Out-Law News | 30 Mar 2015 | 12:35 pm | 2 min. read
On Wednesday the government announced that it had signed contracts with five ID assurance providers as part of its 'Verify' initiative. Barclays, GB Group, Morpho, PayPal and Royal Mail will help authenticate the identity of individuals looking to engage with a range of online government services. The Post Office, Experian, Digidentity and Verizon are existing suppliers of ID assurance services under the Verify regime.
Under the Verify system, individuals using government online services choose a certified ID assurance provider with which to verify their identity. This involves answering security questions and entering a unique code sent to an individuals' mobile number, email address or issued in a call to their fixed-line telephone number.
When using government services online thereafter, government bodies are able to rely on the third party verifications of individuals' identities. The system is still at the stage of public testing, but it is aimed at streamlining the identity verification process for both government bodies and the public.
An initiative with similar aims is in the development stage in the financial services sector. The Savings and Investments Policy project (TSIP), a coalition of 50 entities from across the financial services industry established by the Tax Incentivised Savings Association (TISA), is in the process of developing a new 'digital passport' for financial services customers.
Financial services and technology law expert John Salmon of Pinsent Masons, the law firm behind Out-Law.com, a member of TSIP's executive committee, said it would be in consumers' interest for the Verify scheme and 'digital passport' initiative to "follow along the same track" as one another.
David Dalton-Brown, director general of TISA has said: "A 'digital passport' … is a secure store of validated client information, with that information being used to support the identification of the client. The government's digital initiative already provides for the development of these types of secure store. The data in the store can be shared with providers through a secure messaging service."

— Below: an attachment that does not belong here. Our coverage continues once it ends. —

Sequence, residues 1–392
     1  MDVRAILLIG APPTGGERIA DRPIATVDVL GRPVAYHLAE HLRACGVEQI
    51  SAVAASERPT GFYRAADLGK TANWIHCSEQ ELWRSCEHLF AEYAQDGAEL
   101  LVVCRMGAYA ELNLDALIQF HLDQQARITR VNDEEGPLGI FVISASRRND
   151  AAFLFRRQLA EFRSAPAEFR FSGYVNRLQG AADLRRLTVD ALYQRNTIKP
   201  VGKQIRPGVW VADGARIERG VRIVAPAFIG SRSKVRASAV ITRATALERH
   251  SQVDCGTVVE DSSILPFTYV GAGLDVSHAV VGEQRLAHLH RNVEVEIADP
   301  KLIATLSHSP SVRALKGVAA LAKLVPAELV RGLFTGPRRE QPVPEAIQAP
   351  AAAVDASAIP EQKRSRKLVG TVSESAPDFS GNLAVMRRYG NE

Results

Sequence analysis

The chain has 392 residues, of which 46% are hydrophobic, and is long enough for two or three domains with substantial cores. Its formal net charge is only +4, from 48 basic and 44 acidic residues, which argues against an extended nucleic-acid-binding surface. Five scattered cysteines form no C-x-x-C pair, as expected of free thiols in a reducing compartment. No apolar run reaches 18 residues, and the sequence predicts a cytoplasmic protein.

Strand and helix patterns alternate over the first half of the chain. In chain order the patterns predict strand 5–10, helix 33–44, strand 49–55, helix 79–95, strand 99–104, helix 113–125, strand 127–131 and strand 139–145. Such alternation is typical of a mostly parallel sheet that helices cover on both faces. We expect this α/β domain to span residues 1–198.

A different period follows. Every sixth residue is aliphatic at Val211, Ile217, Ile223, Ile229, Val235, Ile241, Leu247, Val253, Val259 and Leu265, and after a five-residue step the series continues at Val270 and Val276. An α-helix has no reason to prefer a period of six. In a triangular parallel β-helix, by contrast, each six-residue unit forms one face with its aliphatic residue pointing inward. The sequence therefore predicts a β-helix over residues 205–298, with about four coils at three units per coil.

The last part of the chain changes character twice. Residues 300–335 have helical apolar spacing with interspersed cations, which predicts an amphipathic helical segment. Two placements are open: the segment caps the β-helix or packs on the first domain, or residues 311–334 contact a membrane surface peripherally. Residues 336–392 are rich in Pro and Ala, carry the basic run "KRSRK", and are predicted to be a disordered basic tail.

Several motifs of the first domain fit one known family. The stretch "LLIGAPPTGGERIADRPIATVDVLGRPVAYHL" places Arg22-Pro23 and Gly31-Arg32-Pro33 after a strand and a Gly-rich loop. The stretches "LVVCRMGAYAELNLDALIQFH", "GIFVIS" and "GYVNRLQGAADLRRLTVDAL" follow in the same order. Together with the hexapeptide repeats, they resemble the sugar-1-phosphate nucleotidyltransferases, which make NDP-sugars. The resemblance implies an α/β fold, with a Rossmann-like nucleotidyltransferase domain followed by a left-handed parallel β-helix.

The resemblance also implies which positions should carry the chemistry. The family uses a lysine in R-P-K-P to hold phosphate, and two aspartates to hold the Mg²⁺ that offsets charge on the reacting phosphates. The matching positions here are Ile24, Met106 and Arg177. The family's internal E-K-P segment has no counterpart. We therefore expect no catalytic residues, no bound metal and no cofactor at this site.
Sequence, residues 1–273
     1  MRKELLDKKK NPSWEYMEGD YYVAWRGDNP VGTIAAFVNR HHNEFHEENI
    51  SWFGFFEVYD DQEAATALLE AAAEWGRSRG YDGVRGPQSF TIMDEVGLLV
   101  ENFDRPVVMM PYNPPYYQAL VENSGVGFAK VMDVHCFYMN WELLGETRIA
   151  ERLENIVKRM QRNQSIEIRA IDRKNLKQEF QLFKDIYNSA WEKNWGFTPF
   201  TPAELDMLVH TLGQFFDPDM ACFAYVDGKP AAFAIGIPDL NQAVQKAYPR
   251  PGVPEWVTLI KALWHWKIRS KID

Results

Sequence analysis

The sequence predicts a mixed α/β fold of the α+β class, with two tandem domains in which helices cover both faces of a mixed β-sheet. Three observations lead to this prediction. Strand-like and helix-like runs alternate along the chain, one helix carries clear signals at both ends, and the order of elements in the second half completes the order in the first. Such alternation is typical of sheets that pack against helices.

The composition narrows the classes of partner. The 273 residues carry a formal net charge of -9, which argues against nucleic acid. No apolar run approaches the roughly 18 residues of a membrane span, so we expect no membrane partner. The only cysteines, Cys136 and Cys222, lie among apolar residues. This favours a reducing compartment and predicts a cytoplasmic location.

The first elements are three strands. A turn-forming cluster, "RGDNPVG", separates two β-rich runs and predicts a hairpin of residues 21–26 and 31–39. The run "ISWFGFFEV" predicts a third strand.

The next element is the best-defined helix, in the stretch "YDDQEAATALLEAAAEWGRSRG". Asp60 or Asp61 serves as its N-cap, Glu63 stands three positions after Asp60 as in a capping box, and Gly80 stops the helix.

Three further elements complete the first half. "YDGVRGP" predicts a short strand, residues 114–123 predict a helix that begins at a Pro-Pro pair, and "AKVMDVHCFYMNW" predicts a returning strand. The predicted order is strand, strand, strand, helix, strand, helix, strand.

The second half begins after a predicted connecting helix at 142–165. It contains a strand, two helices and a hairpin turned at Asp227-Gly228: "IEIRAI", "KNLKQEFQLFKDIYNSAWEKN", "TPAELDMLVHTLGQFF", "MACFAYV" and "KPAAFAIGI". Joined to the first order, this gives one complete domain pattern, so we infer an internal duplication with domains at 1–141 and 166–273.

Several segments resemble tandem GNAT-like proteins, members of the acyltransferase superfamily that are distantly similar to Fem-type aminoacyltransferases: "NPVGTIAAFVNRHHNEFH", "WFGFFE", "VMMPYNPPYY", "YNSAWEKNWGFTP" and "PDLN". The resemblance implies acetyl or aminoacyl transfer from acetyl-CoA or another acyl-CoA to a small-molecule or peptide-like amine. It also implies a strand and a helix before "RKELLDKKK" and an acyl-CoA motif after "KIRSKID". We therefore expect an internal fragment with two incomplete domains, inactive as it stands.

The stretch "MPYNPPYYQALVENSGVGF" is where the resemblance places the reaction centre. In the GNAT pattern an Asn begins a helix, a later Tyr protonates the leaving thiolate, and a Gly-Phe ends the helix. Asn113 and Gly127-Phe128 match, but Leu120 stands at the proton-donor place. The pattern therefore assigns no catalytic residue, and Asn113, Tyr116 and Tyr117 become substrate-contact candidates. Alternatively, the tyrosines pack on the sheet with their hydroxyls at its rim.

Dalton-Brown said that a digital passport can help remove the need for consumers to have to continually submit authentication documents, such as utility bills and passport details, when wishing to open new accounts or purchase a financial product, and also help cut the "real costs" associated with the processing of that information. Validating the identity of customers is a necessary part of financial services companies' operations as a result of their 'know your customer' (KYC) and anti-money laundering obligations.
"The digital passport will make opening a new savings account or switching to a new provider as simple as swiping your debit card at a coffee shop to pay for a coffee,” Dalton-Brown said. "The passport could also be used to support the communication of changes in a client's address, for example, and that information can then be passed to all of the providers who use the digital passport."
"If the client information required to open a new account or transfer monies between accounts was secured and stored in a digital passport it would make the process and the experience better for all involved – both the customer and the provider," he said.